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Gravitational Waves & Multi-Messenger Astronomy

Gravitational Wave Data Analysis, Black Hole & Neutron Star Mergers, Gravitational Wave Sources & Their Electromagnetic Counterparts

Image Credit: NSF/LIGO/Sonoma State University/A. Simonnet

As a discipline, astronomy is constantly being pushed forward by new technologies that transform how we observe the Universe. Multi-messenger astronomy is the synthesis of observations using light, gravitational waves, and astro particles. Combining different information from different types of signals allows us to better understand the underlying physical processes that govern how astrophysical systems evolve and change, and helps us get a better handle on the uncertainties and statistics that are inherent to every observation we make. Additionally, numerical simulations are another type of “messenger” that can be combined with observations to better understand astrophysical phenomena. In CIERA, we have broad expertise and interest in multi-messenger astronomy, particularly at the interface of electromagnetic and gravitational-wave observations.

Research at CIERA

Compact objects, such as black holes, neutron stars, and white dwarfs, often exist in pairs which eventually merge. These systems are strong sources of gravitational waves, and their nature and the environment in which they reside has a profound effect on possible associated electromagnetic signatures.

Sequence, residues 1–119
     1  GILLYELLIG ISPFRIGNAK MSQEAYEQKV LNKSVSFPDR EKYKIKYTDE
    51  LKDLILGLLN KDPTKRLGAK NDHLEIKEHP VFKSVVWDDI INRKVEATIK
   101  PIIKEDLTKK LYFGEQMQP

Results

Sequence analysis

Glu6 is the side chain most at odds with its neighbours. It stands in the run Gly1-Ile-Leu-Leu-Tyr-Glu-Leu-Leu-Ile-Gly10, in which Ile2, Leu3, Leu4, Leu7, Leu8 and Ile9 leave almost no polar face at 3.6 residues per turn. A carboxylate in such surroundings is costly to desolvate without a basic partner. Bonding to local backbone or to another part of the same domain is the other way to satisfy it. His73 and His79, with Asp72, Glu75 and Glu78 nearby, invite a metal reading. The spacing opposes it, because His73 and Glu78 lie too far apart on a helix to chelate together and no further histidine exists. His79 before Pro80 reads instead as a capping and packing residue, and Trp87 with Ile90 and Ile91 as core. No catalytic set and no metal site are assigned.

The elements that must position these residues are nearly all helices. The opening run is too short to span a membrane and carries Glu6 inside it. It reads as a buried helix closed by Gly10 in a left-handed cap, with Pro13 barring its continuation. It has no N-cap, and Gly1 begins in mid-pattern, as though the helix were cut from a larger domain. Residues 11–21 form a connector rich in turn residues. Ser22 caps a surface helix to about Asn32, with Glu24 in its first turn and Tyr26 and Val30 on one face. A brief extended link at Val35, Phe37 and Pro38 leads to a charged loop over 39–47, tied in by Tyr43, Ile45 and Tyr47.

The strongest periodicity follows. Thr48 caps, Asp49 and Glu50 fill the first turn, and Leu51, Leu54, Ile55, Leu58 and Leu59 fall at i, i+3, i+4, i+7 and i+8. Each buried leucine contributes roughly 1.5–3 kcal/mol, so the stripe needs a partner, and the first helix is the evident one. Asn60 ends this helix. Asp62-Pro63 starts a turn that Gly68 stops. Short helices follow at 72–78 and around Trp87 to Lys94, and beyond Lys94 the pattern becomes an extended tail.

Professor Fong’s group looks for EM counterparts to GW events with observing programs in Hawaii, Chile, and Arizona. They are particularly interested in studying short gamma-ray bursts (GRBs) whose progenitors are likely neutron star mergers with other neutron stars or black holes.

Professor Fragione studies mergers of black holes and neutron stars in star clusters and in hierarchical configurations as a source of gravitational waves, relevant for the LIGO-Virgo collaboration and the LISA mission.

Professor Kilpatrick uses large catalogs of galaxies and optical transients to optimize searches for the counterparts to neutron star mergers with the goal of understanding their contribution to the production of elements heavier than iron.


Astronomy PhD Program

Deadline: 11:59pm, December 15, 2023

The Northwestern Astronomy PhD is designed to provide students with a broad training in astronomy while enabling them to get started quickly with their graduate research. The Astronomy PhD is a flexible program that allows students to complement their astronomy training with a selection of physics courses or courses from other quantitative disciplines such as

Physics PhD Program

Deadline: 11:59pm, December 15, 2023

The Department of Physics and Astronomy offers two different PhD degrees designed to best train students in their chosen discipline. For most branches of physics, students should enroll in the Physics PhD. Students interested in astronomy or astrophysics may apply for either the Physics PhD or the Astronomy PhD. GRE score submission is optional for the

NASA Illinois Space Grant Research Program – Summer 2024

Deadline: 11:59pm, March 22, 2024

Funded by an educational grant awarded by NASA to Northwestern University through the Illinois Space Grant Consortium, Northwestern offers a College Summer Research Program for outstanding undergraduates. The program provides an opportunity for college students to work with a professor in one of several areas of space sciences and astrophysics. It is open to students



Core Faculty

Associate Faculty

External Faculty

Diego Munoz

Diego Muñoz

Visiting Scholar, Professor at University of Arizone


Research Staff

Graduate Students